It used to be that you would sit down with a bowl of nuts, and crack them by hand one at a time. Each kernel a reward for getting through the tough outer shell. Today’s consumers prefer the convenience of tossing back a handful of hazelnut kernels as a quick, heart healthy snack. This change in hazelnut consumption has left mounds of shells with no final destination. David Bantz knew he could find a good market for this byproduct of the hazelnut industry. He had used hazelnut shells in his own yard before to keep the slugs out, and the weeds down. In 2010 David founded He Sells These Shells selling 25-pound sacks of hazelnut shells at farmers’ markets in the Portland Metro area as long lasting mulch, slug deterrent, to reduce weed growth, and as a more permeable ground cover. You can now find He Sells These Shells in 5 farmers’ markets, and on the shelves of over 40 retailers in the Portland Metro area.
David has just wrapped up his best month to date with 143,950 pounds of shells sold, a 46% increase over his previous best month. He Sells These Shells still has its traditionally strongest months to go (April, May, June, and July). David partially attributes this growth to the increase of shelling in the Oregon Hazelnut industry. A larger supply has brought prices of the shells down to be more competitive with traditional bark mulch. David is finding even more room for growth by working with businesses, and researchers to find industrial applications for hazelnut shells.
Storm water carries metals, oils and other additives from industrial areas into our watersheds. These pollutants can be harmful to humans and wildlife. Hazelnuts might be able to help prevent them from ever even reaching the water system. Hazelnut shells are showing promise in filtering Zinc and Copper out of industrial storm water. Tests have shown that hazelnut shells as a part of bio-pillows used at the Port of Vancouver have removed over 76% of Zinc and 86% of copper. Further testing being done at Cal State Pomona has shown that hazelnuts shells can remove up to 96% of chromium from storm water. He Sells These Shells provides the hazelnut shells for these studies.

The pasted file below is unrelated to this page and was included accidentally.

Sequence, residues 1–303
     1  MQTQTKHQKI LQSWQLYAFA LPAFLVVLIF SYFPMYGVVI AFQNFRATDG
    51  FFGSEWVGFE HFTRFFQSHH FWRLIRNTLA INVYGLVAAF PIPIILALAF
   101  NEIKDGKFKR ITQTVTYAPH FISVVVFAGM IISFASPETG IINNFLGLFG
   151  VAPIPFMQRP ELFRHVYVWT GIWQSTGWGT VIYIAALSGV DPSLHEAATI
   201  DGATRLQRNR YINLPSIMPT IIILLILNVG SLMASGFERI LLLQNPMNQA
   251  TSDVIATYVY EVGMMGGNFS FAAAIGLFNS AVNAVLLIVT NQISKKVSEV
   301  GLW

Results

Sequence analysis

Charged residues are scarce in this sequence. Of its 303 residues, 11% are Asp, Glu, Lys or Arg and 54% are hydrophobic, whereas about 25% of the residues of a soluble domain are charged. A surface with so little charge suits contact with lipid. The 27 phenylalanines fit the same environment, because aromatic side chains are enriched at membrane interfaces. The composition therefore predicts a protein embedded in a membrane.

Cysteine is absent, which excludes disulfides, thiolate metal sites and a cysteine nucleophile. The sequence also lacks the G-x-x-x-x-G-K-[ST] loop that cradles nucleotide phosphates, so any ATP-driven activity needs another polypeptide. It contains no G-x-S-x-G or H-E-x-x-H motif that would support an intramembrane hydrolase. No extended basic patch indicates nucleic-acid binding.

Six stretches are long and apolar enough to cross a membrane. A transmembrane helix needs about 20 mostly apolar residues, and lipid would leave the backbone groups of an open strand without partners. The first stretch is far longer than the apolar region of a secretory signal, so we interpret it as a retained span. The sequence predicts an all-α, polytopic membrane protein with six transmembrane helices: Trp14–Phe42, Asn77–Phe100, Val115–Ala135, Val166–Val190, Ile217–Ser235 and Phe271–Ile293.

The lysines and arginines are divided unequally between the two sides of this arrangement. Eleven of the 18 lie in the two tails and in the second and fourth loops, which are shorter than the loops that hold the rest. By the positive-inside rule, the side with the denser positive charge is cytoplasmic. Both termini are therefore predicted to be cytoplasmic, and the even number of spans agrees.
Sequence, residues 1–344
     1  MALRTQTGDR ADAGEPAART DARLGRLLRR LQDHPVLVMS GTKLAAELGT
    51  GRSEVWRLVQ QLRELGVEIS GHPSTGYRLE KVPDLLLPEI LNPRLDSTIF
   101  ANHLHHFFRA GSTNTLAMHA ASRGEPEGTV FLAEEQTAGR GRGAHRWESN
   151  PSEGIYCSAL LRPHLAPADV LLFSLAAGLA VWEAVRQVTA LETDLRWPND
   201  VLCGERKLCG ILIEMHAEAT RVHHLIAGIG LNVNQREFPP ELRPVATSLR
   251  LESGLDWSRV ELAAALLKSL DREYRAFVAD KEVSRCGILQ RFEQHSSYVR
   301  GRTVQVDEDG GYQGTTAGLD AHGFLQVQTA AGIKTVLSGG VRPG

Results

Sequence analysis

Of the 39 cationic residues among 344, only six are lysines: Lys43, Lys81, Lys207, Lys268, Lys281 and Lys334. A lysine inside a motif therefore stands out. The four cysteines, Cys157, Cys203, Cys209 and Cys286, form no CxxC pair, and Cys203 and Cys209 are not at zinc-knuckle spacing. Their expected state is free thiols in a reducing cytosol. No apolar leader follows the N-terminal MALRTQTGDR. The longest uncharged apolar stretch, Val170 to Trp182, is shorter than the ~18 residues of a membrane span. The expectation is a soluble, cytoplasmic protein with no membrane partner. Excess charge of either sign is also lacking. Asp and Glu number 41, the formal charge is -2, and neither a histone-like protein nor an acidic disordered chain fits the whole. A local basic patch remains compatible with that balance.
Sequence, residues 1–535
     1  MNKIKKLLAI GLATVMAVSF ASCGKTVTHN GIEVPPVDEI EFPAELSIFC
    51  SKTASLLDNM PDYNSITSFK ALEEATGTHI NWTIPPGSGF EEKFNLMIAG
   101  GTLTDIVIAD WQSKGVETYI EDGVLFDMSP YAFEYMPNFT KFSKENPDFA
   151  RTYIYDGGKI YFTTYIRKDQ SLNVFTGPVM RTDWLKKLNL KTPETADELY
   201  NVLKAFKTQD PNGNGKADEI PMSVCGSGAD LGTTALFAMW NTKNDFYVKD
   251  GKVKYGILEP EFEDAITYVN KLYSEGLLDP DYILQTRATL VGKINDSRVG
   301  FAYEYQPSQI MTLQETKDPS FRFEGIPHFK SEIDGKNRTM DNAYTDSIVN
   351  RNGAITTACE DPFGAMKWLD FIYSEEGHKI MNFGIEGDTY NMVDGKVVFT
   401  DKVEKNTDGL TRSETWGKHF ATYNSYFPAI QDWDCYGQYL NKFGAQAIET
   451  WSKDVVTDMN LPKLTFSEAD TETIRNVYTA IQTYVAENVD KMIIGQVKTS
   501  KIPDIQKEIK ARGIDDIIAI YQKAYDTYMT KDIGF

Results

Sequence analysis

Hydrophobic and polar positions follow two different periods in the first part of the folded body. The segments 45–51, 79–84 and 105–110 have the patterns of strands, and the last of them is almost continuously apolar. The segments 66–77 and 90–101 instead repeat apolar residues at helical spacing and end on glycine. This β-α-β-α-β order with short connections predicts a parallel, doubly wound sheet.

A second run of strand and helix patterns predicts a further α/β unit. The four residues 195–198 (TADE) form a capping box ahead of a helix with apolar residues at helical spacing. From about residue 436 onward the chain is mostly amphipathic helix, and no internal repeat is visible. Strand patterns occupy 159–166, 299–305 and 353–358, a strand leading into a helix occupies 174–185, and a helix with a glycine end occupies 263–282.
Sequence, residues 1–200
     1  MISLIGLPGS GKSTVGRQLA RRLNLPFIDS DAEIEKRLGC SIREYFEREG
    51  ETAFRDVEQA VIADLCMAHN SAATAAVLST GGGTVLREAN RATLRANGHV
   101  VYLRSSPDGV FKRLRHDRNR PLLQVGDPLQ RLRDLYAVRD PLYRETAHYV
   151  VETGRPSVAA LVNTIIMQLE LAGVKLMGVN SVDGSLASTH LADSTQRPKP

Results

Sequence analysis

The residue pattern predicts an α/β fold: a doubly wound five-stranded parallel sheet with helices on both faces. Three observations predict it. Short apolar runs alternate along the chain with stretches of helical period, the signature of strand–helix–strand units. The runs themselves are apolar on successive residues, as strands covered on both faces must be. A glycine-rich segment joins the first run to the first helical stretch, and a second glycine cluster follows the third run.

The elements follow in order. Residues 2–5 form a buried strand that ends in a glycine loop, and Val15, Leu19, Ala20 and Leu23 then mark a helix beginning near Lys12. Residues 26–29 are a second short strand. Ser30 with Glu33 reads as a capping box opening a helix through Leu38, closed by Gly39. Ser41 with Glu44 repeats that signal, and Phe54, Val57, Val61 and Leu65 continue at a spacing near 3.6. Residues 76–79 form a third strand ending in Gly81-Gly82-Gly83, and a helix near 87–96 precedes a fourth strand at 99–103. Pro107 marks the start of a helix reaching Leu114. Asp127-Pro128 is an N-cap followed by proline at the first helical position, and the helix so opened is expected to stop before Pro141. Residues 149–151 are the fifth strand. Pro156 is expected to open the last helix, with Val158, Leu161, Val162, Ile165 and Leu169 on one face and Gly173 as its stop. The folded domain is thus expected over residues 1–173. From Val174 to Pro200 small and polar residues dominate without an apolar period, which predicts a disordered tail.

If you would like more information on David and He Sells These Shells, or where to buy hazelnut shells visit: HeSellsTheseShells.com.
Oregon’s hazelnut harvest has ended. As growers repair machinery, tidy the orchard floor and recover from the hectic season, Oregon’s prized nuts begin their journey from orchard to consumer.
First, nuts are cleaned, weighed, sampled and dried. Then, they are either left in their shells, or are shelled and sorted by kernel size and put into vacuum-sealed bags for snacking. Shelled nuts are also used to make products like hazelnut butter and hazelnut flour.
Where do all of these hazelnuts go? The majority of Oregon’s nuts are exported to places like China where consumers prefer in-shell hazelnuts. The rest are consumed in the U.S. in many different forms. The Pacific Northwest’s best restaurants and bakeries feature Oregon hazelnuts on their menus year round.
October’s hazelnut harvest was a race to gather all of the hazelnuts off the orchard floor before the fall rains came and luckily, we were on-hand to capture the process of harvest at Christensen Farms where Zach and his family tend to more than 600 acres of hazelnuts.
Hungry for more? Celebrate the heritage of Oregon hazelnuts at the Mt. Angel Hazelnut Festival on Dec. 6-7. This event is perfect for the whole family, featuring local arts and crafts, Oregon wine and brews and of course, nutty snacks!
It’s an age-old question among Oregonians: are they called hazelnuts or filberts?
According to European folklore, early filbert crops would ripen around August 22th, the feast day of French monk St. Philibert. As French colonists settled in Oregon in the 17th century, they planted hazelnuts and began naming the nut in honor of St. Philibert.
Whatever name you call them, we’re lucky that they grow abundantly here in Oregon and that harvest is just around the corner!
Hungry for more? Check out this Oregonian article on the nutty debate.